, , , , , , ,

Uluru Ayers Rock, Australia

On my second trip to Australia in 2008, I made a pilgrimage to Uluru in the Northern Territory, (better known as Ayer’s Rock, named after the European who ‘discovered’ it). Ofcourse this land has been held sacred by the Anangu, the Aboriginal people for thousands of years. This huge red rock rising out of the desert has a mythical, mysterious quality.

After settling into my hotel,  I took a shuttle bus to view Uluru at sunset – the perfect photo op. The next morning, I set out  with the intent to have a more intimate experience with the sacred rock. The Aborigines request that visitors not climb it yet the Australian Parks Department who leases the site from the Aboriginal people, allow it. I was in the minority who chose to respect the sacredness of the site and walk around the base of the rock, a distance of 10.6 km.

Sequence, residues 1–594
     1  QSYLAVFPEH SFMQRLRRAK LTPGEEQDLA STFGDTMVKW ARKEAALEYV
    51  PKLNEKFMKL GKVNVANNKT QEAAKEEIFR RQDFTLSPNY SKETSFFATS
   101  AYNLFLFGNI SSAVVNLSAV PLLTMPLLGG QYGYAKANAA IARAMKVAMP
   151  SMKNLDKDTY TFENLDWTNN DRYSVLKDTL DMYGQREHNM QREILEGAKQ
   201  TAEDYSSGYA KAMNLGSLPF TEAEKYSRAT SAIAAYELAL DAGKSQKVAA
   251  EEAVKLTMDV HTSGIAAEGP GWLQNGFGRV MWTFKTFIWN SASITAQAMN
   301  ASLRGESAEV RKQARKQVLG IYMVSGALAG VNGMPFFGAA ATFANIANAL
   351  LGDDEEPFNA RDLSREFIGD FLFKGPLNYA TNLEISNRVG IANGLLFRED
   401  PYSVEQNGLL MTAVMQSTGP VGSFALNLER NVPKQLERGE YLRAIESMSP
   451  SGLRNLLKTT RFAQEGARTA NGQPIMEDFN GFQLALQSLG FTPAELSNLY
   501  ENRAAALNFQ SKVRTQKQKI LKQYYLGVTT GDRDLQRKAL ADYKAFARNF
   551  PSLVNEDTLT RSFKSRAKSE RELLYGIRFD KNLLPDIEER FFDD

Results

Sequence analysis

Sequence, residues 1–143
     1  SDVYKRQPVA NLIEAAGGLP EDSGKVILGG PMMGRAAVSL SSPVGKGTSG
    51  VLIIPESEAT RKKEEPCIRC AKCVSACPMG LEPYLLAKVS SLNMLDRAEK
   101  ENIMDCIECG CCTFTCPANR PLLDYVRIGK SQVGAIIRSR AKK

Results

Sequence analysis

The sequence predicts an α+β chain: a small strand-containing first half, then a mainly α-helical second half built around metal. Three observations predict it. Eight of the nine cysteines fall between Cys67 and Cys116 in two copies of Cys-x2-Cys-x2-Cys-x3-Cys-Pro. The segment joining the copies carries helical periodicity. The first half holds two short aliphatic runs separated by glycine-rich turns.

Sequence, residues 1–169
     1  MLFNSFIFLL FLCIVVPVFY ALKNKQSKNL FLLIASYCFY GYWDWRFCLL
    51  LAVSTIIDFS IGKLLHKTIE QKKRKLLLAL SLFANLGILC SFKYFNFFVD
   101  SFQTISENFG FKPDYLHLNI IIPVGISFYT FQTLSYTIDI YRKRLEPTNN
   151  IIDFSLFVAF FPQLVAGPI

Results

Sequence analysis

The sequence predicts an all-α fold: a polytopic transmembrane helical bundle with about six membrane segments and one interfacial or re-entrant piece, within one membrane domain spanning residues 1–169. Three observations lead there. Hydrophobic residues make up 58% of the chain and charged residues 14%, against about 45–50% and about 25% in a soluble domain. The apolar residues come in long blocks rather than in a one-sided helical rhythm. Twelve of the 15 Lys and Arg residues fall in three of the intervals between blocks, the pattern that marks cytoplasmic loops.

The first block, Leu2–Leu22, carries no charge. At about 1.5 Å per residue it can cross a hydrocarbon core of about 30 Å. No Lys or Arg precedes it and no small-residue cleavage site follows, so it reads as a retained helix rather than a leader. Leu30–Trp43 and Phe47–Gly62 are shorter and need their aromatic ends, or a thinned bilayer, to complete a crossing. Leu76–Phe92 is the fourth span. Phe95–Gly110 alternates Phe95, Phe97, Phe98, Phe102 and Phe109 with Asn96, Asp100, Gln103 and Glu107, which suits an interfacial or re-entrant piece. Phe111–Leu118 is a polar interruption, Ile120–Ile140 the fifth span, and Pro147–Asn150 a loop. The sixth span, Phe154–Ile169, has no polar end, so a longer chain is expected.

(click on images below to enlarge)

As I walked, I did a meditation and communed with mother nature, and the spirit of the ancestors. Around every corner were undulating rocks, sensuous and feminine, in colors that ranged from rose to bright red to purple. I was delighted to find several small caves along the periphery with drawings of spirals and other creation myth symbols. (My heading on this blog is from one of the caves.) What a gift to have the opportunity to walk this sacred land, following in the footsteps of the ancestral beings and feeling the connection to Spirit!

The Heritage Trust is an organization whose goal is to protect ancient sites and artefacts around the world. They just mentioned in their latest blog the plight of many rock art sites in Australia that aren’t being protected, Erasing Australia: A Journey to Destruction. Read more here….

This is a few prints from a series of monotypes, Notes from Uluru, 30″ x 22″, I created upon returning to my studio. They reflect the vivid colors of the earth and the symbols hidden away in the caves -my own vision and experience.

(click on images below to enlarge)